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dc.contributor.authorMiles, Christopher O.
dc.contributor.authorSandvik, Morten
dc.contributor.authorNonga, Hezron E.
dc.contributor.authorRundberget, Thomas
dc.contributor.authorWilkins, Alistair L.
dc.contributor.authorRise, Frode
dc.contributor.authorBallot, Andreas
dc.identifier.citationMiles, C. O., Sandvik, M., Nonga, H. E., Rundberget, T., Wilkins, A. L., Rise, F., & Ballot, A. (2013). Identification of microcystins in a Lake Victoria cyanobacterial bloom using LC–MS with thiol derivatization. Toxicon, 70, 21-31en_NZ
dc.description.abstractMicrocystins are cyclic heptapeptides from cyanobacteria which are responsible for poisonings of livestock and humans. Cyanobacteria also produce a range of peptides and other compounds that can result in complex chromatograms when samples are analysed by LC–MS. Thiol derivatization of the α,β-unsaturated amide present in most microcystins was recently shown to simplify analysis of LC–MS chromatograms of a Microcystis culture, making it easier to identify peaks corresponding to microcystins in complex mixtures. This method was applied to analysis of extracts taken from a natural cyanobacteria bloom in Mwanza Gulf, Lake Victoria, Tanzania, in 2010, revealing the presence of numerous putative microcystin analogues in the sample. Results were verified using LC–MS², LC–MS/MS with precursor-ion scanning, and LC–HRMS, leading to identification of 8 major and 17 minor microcystins in the sample, including analogues of microcystin-RY, -RL and -RA. Microcystin-YR (2), -RR (3), and -RY (9) were isolated from bloom material from Lake Victoria, and the structure of 9 was confirmed by NMR spectroscopic analysis and NMR spectral comparison with 2 and 3. Confirmation of the structure of MC-RY (9) facilitated detailed analysis of its MS² spectrum, thereby supporting the structures of related analogues tentatively established on the basis of MS analyses.en_NZ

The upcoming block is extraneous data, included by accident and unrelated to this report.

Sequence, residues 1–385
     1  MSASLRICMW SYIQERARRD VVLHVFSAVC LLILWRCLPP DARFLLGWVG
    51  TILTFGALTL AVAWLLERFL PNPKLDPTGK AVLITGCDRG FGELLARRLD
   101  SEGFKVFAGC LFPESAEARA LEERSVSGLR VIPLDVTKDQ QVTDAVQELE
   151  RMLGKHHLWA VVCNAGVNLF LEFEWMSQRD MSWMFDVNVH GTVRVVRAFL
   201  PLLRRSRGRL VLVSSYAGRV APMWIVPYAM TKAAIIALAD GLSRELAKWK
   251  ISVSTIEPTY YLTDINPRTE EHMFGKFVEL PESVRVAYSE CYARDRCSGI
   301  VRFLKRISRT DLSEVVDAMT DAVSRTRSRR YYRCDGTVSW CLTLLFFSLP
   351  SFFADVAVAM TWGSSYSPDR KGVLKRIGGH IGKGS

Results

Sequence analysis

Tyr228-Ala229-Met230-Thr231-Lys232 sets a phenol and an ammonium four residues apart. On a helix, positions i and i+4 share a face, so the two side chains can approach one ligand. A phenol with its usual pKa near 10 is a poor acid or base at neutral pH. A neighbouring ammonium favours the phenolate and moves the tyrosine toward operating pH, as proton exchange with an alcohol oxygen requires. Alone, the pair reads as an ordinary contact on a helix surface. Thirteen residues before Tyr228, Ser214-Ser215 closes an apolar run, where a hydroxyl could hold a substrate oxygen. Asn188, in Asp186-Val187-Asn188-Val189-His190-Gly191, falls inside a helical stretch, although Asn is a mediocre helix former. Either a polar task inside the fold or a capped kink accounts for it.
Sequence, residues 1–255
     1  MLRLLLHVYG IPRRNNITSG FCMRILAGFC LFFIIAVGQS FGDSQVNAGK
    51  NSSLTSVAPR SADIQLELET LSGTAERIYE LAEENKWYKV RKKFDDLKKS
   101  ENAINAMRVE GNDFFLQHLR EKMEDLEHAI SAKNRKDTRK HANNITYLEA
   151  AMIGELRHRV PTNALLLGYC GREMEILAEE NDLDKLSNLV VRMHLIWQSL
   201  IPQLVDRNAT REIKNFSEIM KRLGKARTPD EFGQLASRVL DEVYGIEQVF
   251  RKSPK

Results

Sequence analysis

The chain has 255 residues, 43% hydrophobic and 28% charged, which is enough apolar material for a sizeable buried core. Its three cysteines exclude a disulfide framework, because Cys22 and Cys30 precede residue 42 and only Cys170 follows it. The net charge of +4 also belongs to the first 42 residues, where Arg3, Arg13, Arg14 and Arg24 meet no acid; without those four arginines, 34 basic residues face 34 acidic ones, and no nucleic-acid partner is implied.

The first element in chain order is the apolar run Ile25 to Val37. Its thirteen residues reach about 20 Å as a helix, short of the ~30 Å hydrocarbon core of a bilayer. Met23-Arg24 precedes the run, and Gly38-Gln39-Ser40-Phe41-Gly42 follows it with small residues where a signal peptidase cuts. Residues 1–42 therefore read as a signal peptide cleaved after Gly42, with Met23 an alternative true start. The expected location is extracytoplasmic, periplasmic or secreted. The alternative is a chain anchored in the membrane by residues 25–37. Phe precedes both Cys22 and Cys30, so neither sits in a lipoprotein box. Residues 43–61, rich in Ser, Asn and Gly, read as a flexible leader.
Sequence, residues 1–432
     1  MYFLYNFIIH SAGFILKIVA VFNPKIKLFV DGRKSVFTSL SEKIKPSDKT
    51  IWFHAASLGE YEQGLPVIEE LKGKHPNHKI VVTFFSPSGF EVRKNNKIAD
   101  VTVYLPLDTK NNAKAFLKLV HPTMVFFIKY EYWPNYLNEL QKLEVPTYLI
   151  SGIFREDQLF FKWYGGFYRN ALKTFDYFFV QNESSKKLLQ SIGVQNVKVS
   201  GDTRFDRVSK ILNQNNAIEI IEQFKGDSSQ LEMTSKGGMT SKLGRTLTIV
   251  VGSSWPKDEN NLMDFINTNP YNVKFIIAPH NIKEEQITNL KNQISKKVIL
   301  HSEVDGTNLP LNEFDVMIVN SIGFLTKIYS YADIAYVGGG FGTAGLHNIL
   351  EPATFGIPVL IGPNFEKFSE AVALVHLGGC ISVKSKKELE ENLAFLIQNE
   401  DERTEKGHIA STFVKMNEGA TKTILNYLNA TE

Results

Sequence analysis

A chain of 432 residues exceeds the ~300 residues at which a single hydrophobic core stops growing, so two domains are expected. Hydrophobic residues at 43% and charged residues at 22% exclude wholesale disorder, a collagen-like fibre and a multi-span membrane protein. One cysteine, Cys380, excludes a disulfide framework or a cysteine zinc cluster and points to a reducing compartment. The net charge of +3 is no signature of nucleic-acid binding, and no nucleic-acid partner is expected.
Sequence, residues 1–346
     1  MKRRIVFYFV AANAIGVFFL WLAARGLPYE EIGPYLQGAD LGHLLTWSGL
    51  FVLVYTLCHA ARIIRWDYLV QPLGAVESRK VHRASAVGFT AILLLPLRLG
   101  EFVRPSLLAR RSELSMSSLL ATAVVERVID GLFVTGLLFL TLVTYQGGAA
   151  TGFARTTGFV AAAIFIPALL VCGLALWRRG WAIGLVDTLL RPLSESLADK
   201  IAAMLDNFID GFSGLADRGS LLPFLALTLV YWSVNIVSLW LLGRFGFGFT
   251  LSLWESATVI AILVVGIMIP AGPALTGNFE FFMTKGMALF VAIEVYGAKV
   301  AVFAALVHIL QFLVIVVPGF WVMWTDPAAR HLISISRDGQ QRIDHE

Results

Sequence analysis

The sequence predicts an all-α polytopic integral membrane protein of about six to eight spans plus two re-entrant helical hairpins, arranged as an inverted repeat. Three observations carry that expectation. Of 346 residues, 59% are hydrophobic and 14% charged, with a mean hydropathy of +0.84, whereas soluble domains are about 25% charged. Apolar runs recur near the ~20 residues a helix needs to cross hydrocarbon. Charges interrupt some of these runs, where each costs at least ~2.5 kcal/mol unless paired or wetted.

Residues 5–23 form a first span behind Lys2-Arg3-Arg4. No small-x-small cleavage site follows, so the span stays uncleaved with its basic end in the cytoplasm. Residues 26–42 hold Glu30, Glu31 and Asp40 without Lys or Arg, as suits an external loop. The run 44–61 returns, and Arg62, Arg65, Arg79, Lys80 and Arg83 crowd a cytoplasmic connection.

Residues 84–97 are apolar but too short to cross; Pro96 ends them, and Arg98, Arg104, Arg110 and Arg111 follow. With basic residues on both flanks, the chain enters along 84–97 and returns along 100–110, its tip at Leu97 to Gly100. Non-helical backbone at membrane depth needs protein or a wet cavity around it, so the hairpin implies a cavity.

dc.subjectLake Victoriaen_NZ
dc.subjectThiol derivatizationen_NZ
dc.titleIdentification of microcystins in a Lake Victoria cyanobacterial bloom using LC–MS with thiol derivatizationen_NZ
dc.typeJournal Articleen_NZ

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